Obama has made the auto bailout a centerpiece on the campaign trail despite GM’s recent woes. The company’s stock has fallen about 40 percent since it emerged from bankruptcy. GM and its lending arm, Ally Bank, owe $42 billion on their $57 billion bailout. The government still has a stake in GM.

The Pentagon’s massive car-buying scheme is the latest example of government trying to help GM raise its sales volumes. The General Services Administration of Las Vegas fame purchased 100 Volts in 2011 for various agencies.


Well, I guess it does make political sense. Financially, it's idiotic.
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Post 19 Oct 2012, 12:42 pm

What a sweet investment! This is what you call "investing in the future" when you're wasting other people's money.

HOLLAND, Mich. (WOOD) - Workers at LG Chem, a $300 million lithium-ion battery plant heavily funded by taxpayers, tell Target 8 that they have so little work to do that they spend hours playing cards and board games, reading magazines or watching movies.

They say it's been going on for months.

"There would be up to 40 of us that would just sit in there during the day," said former LG Chem employee Nicole Merryman, who said she quit in May.

"We were given assignments to go outside and clean; if we weren't cleaning outside, we were cleaning inside. If there was nothing for us to do, we would study in the cafeteria, or we would sit and play cards, sit and read magazines," said Merryman. "It's really sad that all these people are sitting there and doing nothing, and it's basically on taxpayer money."

Two current employees told Target 8 that the game-playing continues because, as much as they want to work, they still have nothing to do.

"There's a whole bunch of people, a whole bunch," filling their time with card games and board games," one of those current employees said.

That employee says some workers are doing odd jobs around the building, including cleaning and maintenance, while others hang out in the cafeteria playing video games, Texas hold-'em and Monopoly or doing Sudoku or crossword puzzles -- all on company time. The employee said some watch movies.

"There's no work, no work at all. Zero work," another current employee said. "It is what it is. What do you do when there's no work?"

. . .

The plant all started with such great hope, and a presidential groundbreaking in July 2010.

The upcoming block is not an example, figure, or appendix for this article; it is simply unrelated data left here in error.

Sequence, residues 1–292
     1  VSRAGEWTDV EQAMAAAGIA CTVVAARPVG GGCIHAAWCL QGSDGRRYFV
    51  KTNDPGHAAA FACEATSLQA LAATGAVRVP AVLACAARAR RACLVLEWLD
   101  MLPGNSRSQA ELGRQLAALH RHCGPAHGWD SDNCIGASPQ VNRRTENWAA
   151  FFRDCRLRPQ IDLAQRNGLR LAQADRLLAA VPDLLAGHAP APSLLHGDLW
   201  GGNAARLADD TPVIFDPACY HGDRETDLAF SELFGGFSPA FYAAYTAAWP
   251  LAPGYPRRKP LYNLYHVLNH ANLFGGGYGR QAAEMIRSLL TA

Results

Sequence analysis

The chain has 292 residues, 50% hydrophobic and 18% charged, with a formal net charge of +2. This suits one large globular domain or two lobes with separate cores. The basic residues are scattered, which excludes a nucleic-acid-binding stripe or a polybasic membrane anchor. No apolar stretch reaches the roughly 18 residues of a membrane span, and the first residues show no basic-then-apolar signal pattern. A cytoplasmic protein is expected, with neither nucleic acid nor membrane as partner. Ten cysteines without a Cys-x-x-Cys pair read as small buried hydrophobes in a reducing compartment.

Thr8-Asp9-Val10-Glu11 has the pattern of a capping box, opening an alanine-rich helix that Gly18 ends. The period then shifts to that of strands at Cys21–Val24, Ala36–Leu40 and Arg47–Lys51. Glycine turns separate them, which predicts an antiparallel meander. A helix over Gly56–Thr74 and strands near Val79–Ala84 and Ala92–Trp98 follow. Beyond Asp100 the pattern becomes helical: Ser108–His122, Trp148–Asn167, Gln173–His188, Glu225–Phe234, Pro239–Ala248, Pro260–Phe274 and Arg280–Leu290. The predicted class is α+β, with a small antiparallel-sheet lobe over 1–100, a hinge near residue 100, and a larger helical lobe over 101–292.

"This is a symbol of where Michigan is going, this is a symbol of where Holland is going, and this is a symbol of where America's going," Pres. Barack Obama told a crowd at the groundbreaking.

Nicole Merryman was among the first in line for a job.

"It was something exciting, and I thought it would be better for the family, more overtime, more money," said Merryman, who said she worked on a line that folded the battery cells.

The company's goal: 300 employees pumping out 15 million battery cells a year. Its biggest customer: The Chevrolet Volt.

The U.S. Department of Energy provided a $151 million grant, part of Obama's Recovery Act.


Heckuva job, Mr. President!
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Post 20 Oct 2012, 6:28 am

Sitting around playing Monopoly? Unbelievable!!! Can't someone get in there to teach them Diplomacy, or maybe some Settlers, or Puerto Rico? Can you imagine, being paid to play games, and you choose Monopoly? Brings a tear to my eye.
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Post 20 Oct 2012, 7:05 am

geojanes wrote:Sitting around playing Monopoly? Unbelievable!!! Can't someone get in there to teach them Diplomacy, or maybe some Settlers, or Puerto Rico? Can you imagine, being paid to play games, and you choose Monopoly? Brings a tear to my eye.


You're right, of course. $151M to learn Dip-- that would be a good investment.
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Post 20 Oct 2012, 8:42 am

Doctor Fate wrote:
geojanes wrote:Sitting around playing Monopoly? Unbelievable!!! Can't someone get in there to teach them Diplomacy, or maybe some Settlers, or Puerto Rico? Can you imagine, being paid to play games, and you choose Monopoly? Brings a tear to my eye.


You're right, of course. $151M to learn Dip-- that would be a good investment.


too funny ... perhaps you guys should plan a road trip to spread the word.
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Post 20 Oct 2012, 9:11 am

Ray Jay wrote:too funny ... perhaps you guys should plan a road trip to spread the word.


At least it's useful Keynesian economics--the proliferation of the greatest game known to Man.
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Post 23 Feb 2013, 3:52 pm

The foolishness of electric vehicles explained.